John McLauchlan was the captain of the steel-hulled sailing ship ‘Durbridge’, with more than 36 years’ experience at sea from the age of 15. After seventeen years on sailing ships he obtained his master’s certificate in 1884. He captained the ‘Durbridge’ on voyages between South Africa, Australia and South America. On 13 December 1902 he died suddenly at sea off the southern tip of Africa. The report by the next most senior officer of how he found the captain dead in his cabin is recorded in the Deaths at Sea.
The Returns of Deaths at Sea include poignant entries that throw light on the experience of Scots emigrants and those who worked abroad in scattered parts of the British Empire.
For example in 1927 John Robertson, aged two years, died in 1927 on the ship ‘Orsova’ in the Gulf of Aden. His father had a job for life working as a painter on the Forth Bridge, but decided to emigrate with his wife Jeannie . Tragically they lost their elder son just a few weeks into the long voyage to Australia.
Although the records are a grim catalogue of sudden deaths far from home, not every story ended badly. In October 1901 it was reported that the vessel ‘Fire Queen’ had lost one of its crew north of Ailsa Craig off the Ayrshire coast. Peter Hughes, a fireman aged 30 from Glasgow, was missing presumed drowned on 18 October. A few months later a letter was sent to the master of the ‘Fire Queen’: ‘You will be surprised to learn that your supposed drowned Fireman Peter Hughes has turned up. His wife has had two letters from him one enclosing a P.O. [postal order] for 10 s/-. The letters are from London. These are facts which I have had verified.’
When HMS Hood was sunk by the German warship Bismarck in the Battle of the Denmark Strait on 24 May 1941, all but three of the 1,421 crew died. Among them was William Conchie, aged 16 years and 10 months. One of the three survivors was a Scot, Midshipman William Dundas.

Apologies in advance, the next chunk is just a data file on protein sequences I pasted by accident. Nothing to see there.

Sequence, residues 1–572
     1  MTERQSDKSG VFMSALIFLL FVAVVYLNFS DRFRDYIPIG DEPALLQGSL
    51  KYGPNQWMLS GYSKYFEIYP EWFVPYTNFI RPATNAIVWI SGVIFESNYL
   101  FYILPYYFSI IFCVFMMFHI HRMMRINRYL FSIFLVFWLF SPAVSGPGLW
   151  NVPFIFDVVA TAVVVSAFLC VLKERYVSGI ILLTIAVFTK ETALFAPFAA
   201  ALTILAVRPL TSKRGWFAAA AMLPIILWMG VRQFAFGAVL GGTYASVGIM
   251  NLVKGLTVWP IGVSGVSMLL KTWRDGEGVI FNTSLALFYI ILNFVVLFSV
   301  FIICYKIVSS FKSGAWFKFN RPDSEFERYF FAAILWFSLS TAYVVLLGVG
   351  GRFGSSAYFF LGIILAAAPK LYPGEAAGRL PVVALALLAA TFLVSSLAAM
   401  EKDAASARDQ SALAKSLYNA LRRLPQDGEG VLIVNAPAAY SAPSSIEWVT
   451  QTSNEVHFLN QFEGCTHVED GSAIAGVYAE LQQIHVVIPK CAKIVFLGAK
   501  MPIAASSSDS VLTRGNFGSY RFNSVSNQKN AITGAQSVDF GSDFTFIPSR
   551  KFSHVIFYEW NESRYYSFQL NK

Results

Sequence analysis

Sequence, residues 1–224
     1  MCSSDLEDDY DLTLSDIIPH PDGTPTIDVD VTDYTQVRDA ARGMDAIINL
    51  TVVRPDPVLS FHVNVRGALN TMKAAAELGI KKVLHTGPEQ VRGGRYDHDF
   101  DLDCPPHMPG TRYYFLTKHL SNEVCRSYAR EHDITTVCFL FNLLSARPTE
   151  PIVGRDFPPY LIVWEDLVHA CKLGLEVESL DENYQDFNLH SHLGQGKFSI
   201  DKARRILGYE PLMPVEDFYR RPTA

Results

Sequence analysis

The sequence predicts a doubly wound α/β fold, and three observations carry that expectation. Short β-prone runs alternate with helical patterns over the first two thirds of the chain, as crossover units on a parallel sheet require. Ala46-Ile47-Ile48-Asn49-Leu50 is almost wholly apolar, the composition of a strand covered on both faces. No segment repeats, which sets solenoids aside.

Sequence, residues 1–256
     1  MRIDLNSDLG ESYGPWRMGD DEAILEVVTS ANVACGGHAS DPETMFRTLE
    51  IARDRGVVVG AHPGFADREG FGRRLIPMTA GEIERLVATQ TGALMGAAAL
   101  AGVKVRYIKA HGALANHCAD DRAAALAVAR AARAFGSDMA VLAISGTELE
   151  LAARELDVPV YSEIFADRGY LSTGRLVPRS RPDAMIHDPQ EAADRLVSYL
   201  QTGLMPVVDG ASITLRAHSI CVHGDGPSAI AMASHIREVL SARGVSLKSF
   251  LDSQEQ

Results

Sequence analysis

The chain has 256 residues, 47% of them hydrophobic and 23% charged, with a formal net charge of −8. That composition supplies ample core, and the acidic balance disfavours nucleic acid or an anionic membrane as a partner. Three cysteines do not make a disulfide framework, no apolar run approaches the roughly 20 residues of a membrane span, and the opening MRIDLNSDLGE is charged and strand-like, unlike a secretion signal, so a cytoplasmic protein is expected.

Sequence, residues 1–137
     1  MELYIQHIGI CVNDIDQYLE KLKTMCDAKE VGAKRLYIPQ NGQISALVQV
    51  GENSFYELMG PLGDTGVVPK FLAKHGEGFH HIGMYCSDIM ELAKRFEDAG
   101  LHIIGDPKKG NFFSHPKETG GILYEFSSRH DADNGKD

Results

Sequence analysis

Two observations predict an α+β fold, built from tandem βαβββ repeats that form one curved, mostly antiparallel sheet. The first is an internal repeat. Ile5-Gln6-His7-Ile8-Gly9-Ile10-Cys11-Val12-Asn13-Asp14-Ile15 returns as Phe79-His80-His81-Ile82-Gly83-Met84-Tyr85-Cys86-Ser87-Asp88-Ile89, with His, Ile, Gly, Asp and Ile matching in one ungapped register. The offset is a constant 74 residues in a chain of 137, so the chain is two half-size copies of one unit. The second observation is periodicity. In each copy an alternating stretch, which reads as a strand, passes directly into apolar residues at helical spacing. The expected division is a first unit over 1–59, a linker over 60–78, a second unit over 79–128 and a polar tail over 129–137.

On 17 January 1942 HMS Matabele (G26) was on escort duty with Arctic Convoy PQ-8, when she was sunk by the German submarine U-454. All but two of the crew of 238 perished in the ice-cold waters. The returns of death include this page listing nine Scots. The returns also include the names of some of the many merchant seamen who died on the Arctic Convoys and on wartime service elsewhere.
Examples of the records covering the deaths of seamen on well-known ships, during the Second World War, including the Athenia and Lancastria, can be found on the ScotlandsPeople website
The Returns of Deaths of Seamen were made by the Register General of Shipping and Seamen under the provisions of the Merchant Shipping Act 1894, but they were not a formal requirement of the Act. Their purpose was to advise all the General Register Offices in the British Isles, and also some charitable institutions, of deaths of seamen. Charities, particularly those relating to the welfare of fishermen, would use the information to help them contact the next of kin of the dead seaman.
The practice of notifying these deaths gradually declined and ended in the 1990's. Nowadays returns are made under the Merchant Shipping (Returns of Births & Deaths) Regulations 1979.
National Records of Scotland & ScotlandsPeople
National Records of Scotland (NRS) is a Non-Ministerial Department of the Scottish Government. It holds and gives access to the nation's archives, oversees the registration of births, marriages and deaths, produces statistics on Scotland's population and conducts the Scottish Census. It is a centre of expertise on data handling, record keeping and archives.
ScotlandsPeople.gov.uk, the official Scottish genealogy website, is a partnership between National Records of Scotland and the Court of the Lord Lyon, enabled by Find My Past, a DC Thomson company.